But there was that pillar of cloud and that pillar of fire leading people toward a new mountain, the mountain of Sinai, where God would speak to Moses, claim them as his people, and promise to be their God (Exodus 6:7, 13:22; Leviticus 26:12–13; Numbers 14:14).

Each of these stories show that God is here. God is with the people. We see it again in today’s story of the Transfiguration of Jesus. The Greek word for “transfiguration” is metamorphose, and we see a metamorphosis in Jesus when his face shines like the sun and his clothing becomes dazzlingly bright.

This is showing Jesus in two forms at the same time. He is Jesus of Nazareth, walking up the side of the mountain with his disciples, but he is also the Christ, illuminated by the power of God the Creator.

Eastern Orthodox icons, or images, of the Transfiguration place Christ within an almond shape that indicates a passage between the heavenly and the worldly, the holy and the material. In iconography this passage between the worlds is called a mandorla. Theologians might call it a “thin place,” a place where the separation of the worlds becomes very thin and it is possible to experience holiness more palpably.

Scholar Marcus Borg says, “Mountains and high places are thin places in many religious traditions, including the Bible and Native American traditions. But the notion refers to much more than geographical locations. A thin place is anywhere our hearts are opened. To use sacramental language, a thin place is . . . a means whereby the sacred becomes present to us. A thin place is a means of grace” (Marcus Borg, The Heart of Christianity, 2003).    

Jesus was in a thin place when he met Moses and Elijah on Mount Tabor. His disciples were there in a thin place, too, encountering holy power and presence.

When I had my breakthrough in prayer, I experienced a thin place, too. God broke through and gave me an experience of grace, a gift that helped me grow. It was a pivotal moment, but it was not the end point. It was just a moment on my long spiritual journey of seeking to draw nearer to God.

Transfiguration is a pivot point. For the disciples with Jesus, they saw Moses and Elijah of their past, and they wanted to set up housekeeping and stay there on the mountain with them. They wanted it to be an end point and not a pivot point. “It’s good for us to be here,” Peter said to Jesus. “I’ll make three dwellings, one for you, one for Moses, and one for Elijah.”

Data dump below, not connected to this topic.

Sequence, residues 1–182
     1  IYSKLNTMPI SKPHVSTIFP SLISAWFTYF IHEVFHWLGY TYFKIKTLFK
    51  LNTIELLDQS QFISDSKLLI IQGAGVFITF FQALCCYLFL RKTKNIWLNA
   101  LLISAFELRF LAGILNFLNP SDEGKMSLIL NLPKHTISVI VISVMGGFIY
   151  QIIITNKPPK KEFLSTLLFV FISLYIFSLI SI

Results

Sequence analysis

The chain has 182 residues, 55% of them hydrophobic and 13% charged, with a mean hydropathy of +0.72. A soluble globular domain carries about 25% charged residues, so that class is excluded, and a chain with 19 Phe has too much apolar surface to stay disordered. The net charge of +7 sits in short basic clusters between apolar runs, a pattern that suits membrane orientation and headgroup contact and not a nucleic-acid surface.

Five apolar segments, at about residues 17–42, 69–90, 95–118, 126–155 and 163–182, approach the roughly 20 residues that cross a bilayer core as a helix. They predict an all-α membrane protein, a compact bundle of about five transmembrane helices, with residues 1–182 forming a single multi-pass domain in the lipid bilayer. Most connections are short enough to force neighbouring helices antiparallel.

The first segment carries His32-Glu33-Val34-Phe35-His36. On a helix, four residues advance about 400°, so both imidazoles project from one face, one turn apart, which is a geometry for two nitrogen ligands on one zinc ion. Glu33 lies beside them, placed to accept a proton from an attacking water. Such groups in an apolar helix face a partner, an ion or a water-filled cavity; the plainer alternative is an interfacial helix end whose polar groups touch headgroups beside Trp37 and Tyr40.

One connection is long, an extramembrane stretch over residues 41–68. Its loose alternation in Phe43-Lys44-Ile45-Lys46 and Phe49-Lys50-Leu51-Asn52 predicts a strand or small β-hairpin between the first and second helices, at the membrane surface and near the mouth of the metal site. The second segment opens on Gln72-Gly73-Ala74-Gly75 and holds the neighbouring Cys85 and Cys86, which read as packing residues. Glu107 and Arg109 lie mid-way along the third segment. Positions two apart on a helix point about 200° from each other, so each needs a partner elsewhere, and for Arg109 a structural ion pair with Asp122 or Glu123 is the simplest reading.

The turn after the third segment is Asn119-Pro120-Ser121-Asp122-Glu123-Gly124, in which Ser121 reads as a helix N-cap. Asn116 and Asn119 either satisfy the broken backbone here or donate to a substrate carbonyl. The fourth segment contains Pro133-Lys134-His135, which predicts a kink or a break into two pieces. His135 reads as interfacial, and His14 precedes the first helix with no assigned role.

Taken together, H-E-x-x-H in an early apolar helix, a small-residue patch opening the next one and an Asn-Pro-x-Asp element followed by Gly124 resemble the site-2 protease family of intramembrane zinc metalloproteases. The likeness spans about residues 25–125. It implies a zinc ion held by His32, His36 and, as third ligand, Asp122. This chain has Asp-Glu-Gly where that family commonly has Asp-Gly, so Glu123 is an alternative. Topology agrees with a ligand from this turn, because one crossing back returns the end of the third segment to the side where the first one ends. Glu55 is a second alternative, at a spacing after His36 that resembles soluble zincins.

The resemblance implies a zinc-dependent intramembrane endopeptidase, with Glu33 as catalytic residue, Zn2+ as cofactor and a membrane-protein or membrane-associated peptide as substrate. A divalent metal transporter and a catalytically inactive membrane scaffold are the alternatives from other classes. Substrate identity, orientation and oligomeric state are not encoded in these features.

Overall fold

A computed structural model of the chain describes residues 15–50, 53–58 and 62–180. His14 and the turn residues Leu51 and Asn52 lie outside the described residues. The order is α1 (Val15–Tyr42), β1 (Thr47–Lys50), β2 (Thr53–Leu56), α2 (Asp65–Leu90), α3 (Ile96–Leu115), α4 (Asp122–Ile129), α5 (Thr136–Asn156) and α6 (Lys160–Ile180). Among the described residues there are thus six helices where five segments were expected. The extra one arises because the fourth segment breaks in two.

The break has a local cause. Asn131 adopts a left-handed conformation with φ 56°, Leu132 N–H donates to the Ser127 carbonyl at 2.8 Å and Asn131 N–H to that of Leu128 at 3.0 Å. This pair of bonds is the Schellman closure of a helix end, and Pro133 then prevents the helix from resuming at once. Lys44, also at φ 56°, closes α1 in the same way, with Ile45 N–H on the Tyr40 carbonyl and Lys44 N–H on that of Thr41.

That’s when the bright cloud overshadowed them, and the voice frightened them. From the cloud came the same voice that was heard at Jesus’ baptism, and it spoke the same words. “This is my Son, the Beloved. With him I am well pleased.”

But this time the voice of God added one thing. God said, “Listen to him!” Six days earlier, Jesus had been teaching them about his impending suffering, death, and resurrection. They were on their way to Jerusalem, but Peter had said, “God forbid it, Lord! This must never happen to you!” (Matthew 16:22). Peter wasn’t listening!

Jesus chastised Peter, saying, “Get behind me, Satan!” But then he just kept leading him, along with all the other disciples, forward on their journey. Jesus led them up the mountain to have an illuminating moment, to see him in a new way. When God says, “Listen to him!” they fall on the ground in terror.

They’re shocked to hear the voice of God, and they’re afraid that they can’t live on the mountain. They have to move on.

They’re afraid that they can’t avoid the confrontation that will happen in Jerusalem. They have to move on.

They can’t just stay with Moses and Elijah; they have to move on into the future with Jesus. Jesus is the new Moses, and John the Baptist is the new Elijah.

It’s hard to move out of the familiar and out of our comfort zone and into the unknown future. But the illuminated Jesus, the transfigured Jesus, is showing the disciples the real presence of God and the power of resurrection. God says, “Listen to him!”

Jesus has said it, but it’s hard to trust that God has the power to do that. It’s hard to trust that God has the power of resurrection. What does that even mean? What would that look like? It’s hard to trust when we can’t even imagine it.